Project description:In Saccharomyces cerevisiae, acyl-coenzyme A desaturation by Ole1 requires molecular oxygen. Tween 80, a poly-ethoxylated sorbitan-oleate ester, is therefore routinely included in anaerobic growth media as a source of unsaturated fatty acids (UFAs). During optimization of protocols for anaerobic bioreactor cultivation of this yeast, we consistently observed growth of the laboratory strain S. cerevisiae CEN.PK113-7D in media that contained the anaerobic growth factor ergosterol, but lacked UFAs. To minimize oxygen contamination, additional experiments were performed in an anaerobic chamber. After anaerobic precultivation without ergosterol and Tween 80, strain CEN.PK113-7D and a congenic ole1? strain both grew during three consecutive batch-cultivation cycles on medium that contained ergosterol, but not Tween 80. During these three cycles, no UFAs were detected in biomass of cultures grown without Tween 80, while contents of C10 to C14 saturated fatty acids were higher than in biomass from Tween 80-supplemented cultures. In contrast to its UFA-independent anaerobic growth, aerobic growth of the ole1? strain strictly depended on Tween 80 supplementation. This study shows that the requirement of anaerobic cultures of S. cerevisiae for UFA supplementation is not absolute and provides a basis for further research on the effects of lipid composition on yeast viability and robustness.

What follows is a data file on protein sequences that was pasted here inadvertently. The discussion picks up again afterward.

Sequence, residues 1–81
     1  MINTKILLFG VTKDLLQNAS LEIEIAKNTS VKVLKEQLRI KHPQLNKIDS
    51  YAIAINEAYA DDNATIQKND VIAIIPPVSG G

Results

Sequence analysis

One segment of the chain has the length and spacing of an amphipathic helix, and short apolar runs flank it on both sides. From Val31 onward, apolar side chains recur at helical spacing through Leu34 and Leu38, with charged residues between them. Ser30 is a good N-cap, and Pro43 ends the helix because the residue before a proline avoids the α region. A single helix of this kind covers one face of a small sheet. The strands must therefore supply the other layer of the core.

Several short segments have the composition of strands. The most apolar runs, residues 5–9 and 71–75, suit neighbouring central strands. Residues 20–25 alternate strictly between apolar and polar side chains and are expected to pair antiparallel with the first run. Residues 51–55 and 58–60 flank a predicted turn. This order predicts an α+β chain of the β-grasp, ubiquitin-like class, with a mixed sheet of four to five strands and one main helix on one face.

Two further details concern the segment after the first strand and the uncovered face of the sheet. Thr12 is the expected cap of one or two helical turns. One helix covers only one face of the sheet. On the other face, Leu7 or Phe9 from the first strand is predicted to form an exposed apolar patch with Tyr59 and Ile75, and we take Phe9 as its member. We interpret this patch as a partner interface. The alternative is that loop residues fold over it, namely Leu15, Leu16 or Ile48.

Project description:The effects of oil droplet size and the formation of an interfacial protein film (IPF) on silver carp myofibrillar protein (MP)-oil composite gels were studied. MP- or Tween 80-stabilized camellia seed oil emulsions with different droplet sizes were prepared and added to MPs to prepare composite gels. The oil droplet size of the Tween 80-stabilized emulsion was significantly smaller (p < 0.05) than that of the MP-stabilized emulsion with the same homogenization speed. However, polymerization of Tween 80-stabilized emulsions during the preparation of the composite gels was found. Composite gels with the MP-stabilized emulsions of a small droplet size showed significantly improved water-holding capacity, texture, and dynamic rheological properties. Interfacial shear rheology studies revealed that the storage modulus (G') of the MP-stabilized emulsion composite gels was higher than that of the Tween 80-stabilized gels, and the tan ? of the MP-stabilized oil emulsion composite gels was smaller than that of the Tween 80-stabilized gels, indicating that stronger elastic gel structures were formed. These results suggested that the IPF formed in the MP-stabilized emulsion helped stabilize the oil droplets embedded in the protein gel network, and the smaller the droplet size, the more stable the composite gel. This work provides a better understanding of how oil emulsions interact with protein and affect the properties of MP-oil composite gels.